Herald concerningthe H-bomb. November
4, Nobel PeacePrize speech,"The Problem
of Peacein the World of Today," in Oslo.
December1954- Eleventh sojournin Lambar6n6.January14,
July 1955 1955,eightieth birthday celebratedin Lam-

Julv- In Europe. ReceivedOrder of Merit in Lon-

December1955 don; Orden pour le Mdrite, Germany;and
honoraryJ.D., CambridgeUniversity.
December1955- Twelfth sojournin Lambar6n6.Helene with
June1957 him until May 22,1957.
1957 April 23, ffrst nuclear test ban broadcast.
June 1, Helene Schweitzer-Bresslau died in
Ztirich. June 2l-December 4, in Europe.
Visited Switzerlandand Germany.
December1957- Thirteenth sojourn in Lambar6n6.
August 1959
ChronologT 2.55

1958 April 28, 29, 30, three addressesover Nor-

wegian radio about nuclear war' Published
as Peaceor Atornic lVar. Awarded honorary
M. D., University of Miinster. Awardedhon-
orary Dr. Theol., Ttibingen.

1959 March 23, awarded Sonning Prize in Co-

penhagen for "work to the beneftt of Euro-
pean culture." August to December' in
Europe. September 29, accepted Sonning
Priz.e in Copenhagen. November 18,
awardedJosephLemaire Prize in Brussels'
December, fourteent'h and ftnal departure
for Lambar6n6.

1960 January14, eighty-ftfth birthday celebrated

in Lambardn6.

1963 Die Lehre der Ehrfurcht oor dam kben


1965 fanuary 14, ninetieth birthday celebratedin

Lambar6n6. September4, died in [,amba-

1966 Reoerencefor Life (Strassburger Predigten)

published posthumously'

Sebcteil Titlcc bg Albert Schoeitzpr

Note; For a/l titles the ffrst publication date in English is listed.

Christianitr and the Religlonsof the World. London: Allen and

Unwin, 1923.
Cioiliza.tionand Ethics. (Part 2 of The Philnsophyof Cioilization.)
london: Black, 1923.
The Decag and the Restoration of Ciothzatlon. (Part I of Tlw
Philnsophyof Cioiliz,ation.)Iondon: Black, 1923.
Tlu Essenceof Faith: Phihsophg and.Religion New York: Phil-
osophical Library, 1966.
Tlw ForestH ospitalat Innft ardnl. New York: Henry Holt, 1931.
Frorn My African Notebook. London: Allen and Unwin, 1g38.
Goetlw. Address delivered on receiving the Goethe Prize in
Frankfiirt. New Yorkr Henry Holt, 1928.

258 Bibliography

Coetlw: Fioe Stud,ip* Boston: Beacon,lg6l.

lndian Thought ond Its Deoeloryent. Iondon: Hodder and
Stoughton;New York: Henry Holt, 1936.
l, S. Bach. 2 vols. london: Black; New York: Macmillan, 1938.
The Kngdnrn of Cod andPrirnitioe Christianity, Iondonr Black;
New York: Seaburg,1968.
Memoirs of Childhooil ond. Youth. [.ondon: Allen and Unwin,
The Mgstery of the Kingdml of God: The Secret of lesas' Mes-
sinLshtp and. Passian [,ondon: Black; New York: Dodd and
Mead, 1914.
TIw Mgsticism of Paul the Apostlc. London: Black; New York:
Henry Holt, 1931.
On the Edge of tlw PrimersalForest. [-ondon: Black, 1922.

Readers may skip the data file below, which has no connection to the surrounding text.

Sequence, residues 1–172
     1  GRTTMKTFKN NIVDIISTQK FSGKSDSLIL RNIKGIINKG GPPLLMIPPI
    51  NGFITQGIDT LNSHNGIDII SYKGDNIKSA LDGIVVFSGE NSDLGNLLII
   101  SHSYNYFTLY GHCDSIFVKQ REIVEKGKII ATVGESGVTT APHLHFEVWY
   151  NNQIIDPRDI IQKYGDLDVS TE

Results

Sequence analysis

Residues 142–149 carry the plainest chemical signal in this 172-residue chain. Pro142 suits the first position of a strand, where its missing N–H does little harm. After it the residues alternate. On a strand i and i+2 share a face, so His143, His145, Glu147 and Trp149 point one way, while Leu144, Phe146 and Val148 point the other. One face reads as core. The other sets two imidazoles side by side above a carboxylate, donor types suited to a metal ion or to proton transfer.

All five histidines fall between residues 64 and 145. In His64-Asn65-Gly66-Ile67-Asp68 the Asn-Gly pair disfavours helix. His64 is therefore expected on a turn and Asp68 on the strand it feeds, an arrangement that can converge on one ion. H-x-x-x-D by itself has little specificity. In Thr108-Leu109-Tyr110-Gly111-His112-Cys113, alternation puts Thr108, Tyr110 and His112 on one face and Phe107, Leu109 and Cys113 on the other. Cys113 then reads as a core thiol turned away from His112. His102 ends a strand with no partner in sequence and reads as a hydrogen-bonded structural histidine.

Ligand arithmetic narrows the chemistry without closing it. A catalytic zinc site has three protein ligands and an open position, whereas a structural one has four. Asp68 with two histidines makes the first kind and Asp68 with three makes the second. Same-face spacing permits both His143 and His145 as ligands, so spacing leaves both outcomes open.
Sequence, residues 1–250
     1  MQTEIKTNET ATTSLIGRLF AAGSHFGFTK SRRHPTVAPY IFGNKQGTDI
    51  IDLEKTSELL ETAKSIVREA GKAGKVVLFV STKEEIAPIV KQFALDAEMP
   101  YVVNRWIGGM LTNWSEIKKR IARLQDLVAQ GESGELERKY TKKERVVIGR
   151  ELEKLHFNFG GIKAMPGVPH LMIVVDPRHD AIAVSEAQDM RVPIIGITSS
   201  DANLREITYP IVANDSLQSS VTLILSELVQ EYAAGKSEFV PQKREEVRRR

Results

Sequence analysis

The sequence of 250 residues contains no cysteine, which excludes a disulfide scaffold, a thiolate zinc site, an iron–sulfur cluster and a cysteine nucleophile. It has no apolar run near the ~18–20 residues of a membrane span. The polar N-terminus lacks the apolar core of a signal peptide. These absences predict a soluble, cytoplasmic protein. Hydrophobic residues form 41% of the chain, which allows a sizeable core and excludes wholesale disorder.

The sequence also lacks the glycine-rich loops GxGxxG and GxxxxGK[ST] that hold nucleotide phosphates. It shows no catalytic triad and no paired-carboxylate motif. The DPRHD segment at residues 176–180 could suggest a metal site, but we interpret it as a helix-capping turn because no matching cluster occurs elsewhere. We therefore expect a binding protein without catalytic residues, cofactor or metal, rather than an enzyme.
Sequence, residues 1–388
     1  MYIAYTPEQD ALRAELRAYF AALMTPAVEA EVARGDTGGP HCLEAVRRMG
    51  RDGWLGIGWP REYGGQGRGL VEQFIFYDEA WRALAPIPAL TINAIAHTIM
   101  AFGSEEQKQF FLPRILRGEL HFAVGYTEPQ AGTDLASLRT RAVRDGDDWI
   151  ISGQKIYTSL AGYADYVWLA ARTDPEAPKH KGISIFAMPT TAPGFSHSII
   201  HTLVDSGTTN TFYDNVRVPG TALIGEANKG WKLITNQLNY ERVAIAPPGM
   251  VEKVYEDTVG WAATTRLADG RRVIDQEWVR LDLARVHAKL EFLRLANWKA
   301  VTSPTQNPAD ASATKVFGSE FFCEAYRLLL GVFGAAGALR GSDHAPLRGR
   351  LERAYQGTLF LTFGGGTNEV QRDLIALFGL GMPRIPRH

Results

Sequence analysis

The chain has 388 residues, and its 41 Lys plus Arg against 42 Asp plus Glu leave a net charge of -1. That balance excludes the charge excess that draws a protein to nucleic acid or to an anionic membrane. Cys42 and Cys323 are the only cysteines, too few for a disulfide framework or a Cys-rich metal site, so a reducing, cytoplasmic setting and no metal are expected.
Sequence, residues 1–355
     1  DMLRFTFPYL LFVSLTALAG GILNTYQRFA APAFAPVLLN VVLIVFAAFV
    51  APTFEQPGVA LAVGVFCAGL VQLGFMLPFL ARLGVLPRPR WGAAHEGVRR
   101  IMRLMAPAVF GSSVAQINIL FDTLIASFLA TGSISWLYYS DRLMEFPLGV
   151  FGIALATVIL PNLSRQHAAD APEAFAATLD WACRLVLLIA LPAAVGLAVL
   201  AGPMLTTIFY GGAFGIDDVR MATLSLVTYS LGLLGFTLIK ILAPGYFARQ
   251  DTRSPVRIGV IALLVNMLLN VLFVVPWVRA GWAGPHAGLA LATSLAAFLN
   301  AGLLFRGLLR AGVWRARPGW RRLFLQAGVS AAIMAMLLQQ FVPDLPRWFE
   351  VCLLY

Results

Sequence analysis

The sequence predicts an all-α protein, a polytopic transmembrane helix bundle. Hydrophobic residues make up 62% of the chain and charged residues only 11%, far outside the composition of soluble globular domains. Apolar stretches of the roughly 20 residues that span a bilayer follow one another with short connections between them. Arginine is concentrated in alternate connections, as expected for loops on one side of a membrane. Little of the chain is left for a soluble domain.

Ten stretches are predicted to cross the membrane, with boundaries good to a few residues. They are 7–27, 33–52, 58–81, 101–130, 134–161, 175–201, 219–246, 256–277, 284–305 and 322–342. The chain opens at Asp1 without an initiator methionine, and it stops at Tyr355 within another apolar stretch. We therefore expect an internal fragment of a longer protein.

Organ-Building and, Organ-Pl,ayingin Fratrce and. Germany.
Iondon: Black, 1953.
Paul and His Intetpreters. London: Black;New York: Macmillan,
Peaceor AtonticWar? ThreeAppeah. Iondon: Black;New York:
Holt, Rinehart and Winston, 1958.
ThePhilnsophgof Cioilizntion. 2 l. New York: Macmillan,
Tlv Probbm of Peacein the World Today. Nobel PeacePrize
acceptancespeech. London: Black; New York: Ha4rer, 19.54.
The Psgchiotric Stud,gof lesus: ExpositionandCAUcisn Boston:
The Quest of the Historical Jesus.London: Black, 1910.
Reoeretlce for Life. Sermons1900-1919.New York: Harper and
Row, 1969.
Thc Story of MU Pelican. [ondon: Souvenir, 1964.
BibliograPhY 259

Antllrllagbe of Ernagaatd of Etrrrpk fron Schrmilzrlr'c


Cousins,Norman.TheWordsof Albea Schunitzer'New York:

Jack,Homer.OnNuclearWarandPeace, El$n, Ill.: Brethren,
foy, Charles.Albert Schunitz'er.

Bool,s Abwt AIM Schweitrer

Anderson,Ena. Tlw Ahert Schunltnr Album: A Portrait in

Wordsand' Pictures.Iondon: Black;New York: Harper and
Row, 1965.
Brabazon,tames.Alben Schunitrar:A Blography.New York:
Cousins,Norman. NberI Schweitzat'sMlssbn: Healing atd
Pean. New Yorkand Inndon: Norton,l9&5.
Cousins,Norman.Doctor Schtnitw of ktrtarAnd. Iondon:
Black;New York: HarPerand Row, 1960.
Ioy, Charles, and Melvin Arnold. fLe Afrfca of Ahen
New York: Harper, 1949.
Marshall,George,and David Poling. Schu:eitzer: A Bbgraphg.
london: Bles;New York: Doubleday, 1971.
Picht,Werner. Tlw Life atd Tlought of Ahert Scfunitrer. lnn'
don:Allen and Unwin, l9&[.
Roback,A. A., ed. The Alben Schuseitzer Jubilee Book. Cam-
bridge,Mass.:Sci-Art, ll)45.
Seaver,George.Ahert Schunltzer:Tlrz Mon anil His Mlnd.
london: Black,1947.
zffi Bibliography

Fihn atdVidcotape

TIw Uoing Work of Albeft Schueitzer. Erica Anderson and

RhenaSchweitzer.lg65. l6mm film, color, 3E min.
The Spirit of Albefi Schueitzer. John Scudder.Video, color, ff|
min. VHS, Beta or s/r" format.


Bach's Complzte Organ Works. Edited by Albert Schweitzer,

Charles-MarieWidor, and Edouard Niels-Berger. Vols. l_g.
New York: Schirmer, lgO2-fg&.
Griffith, Nancy Snell, and Laura person. Alber-t Schueitzcr:An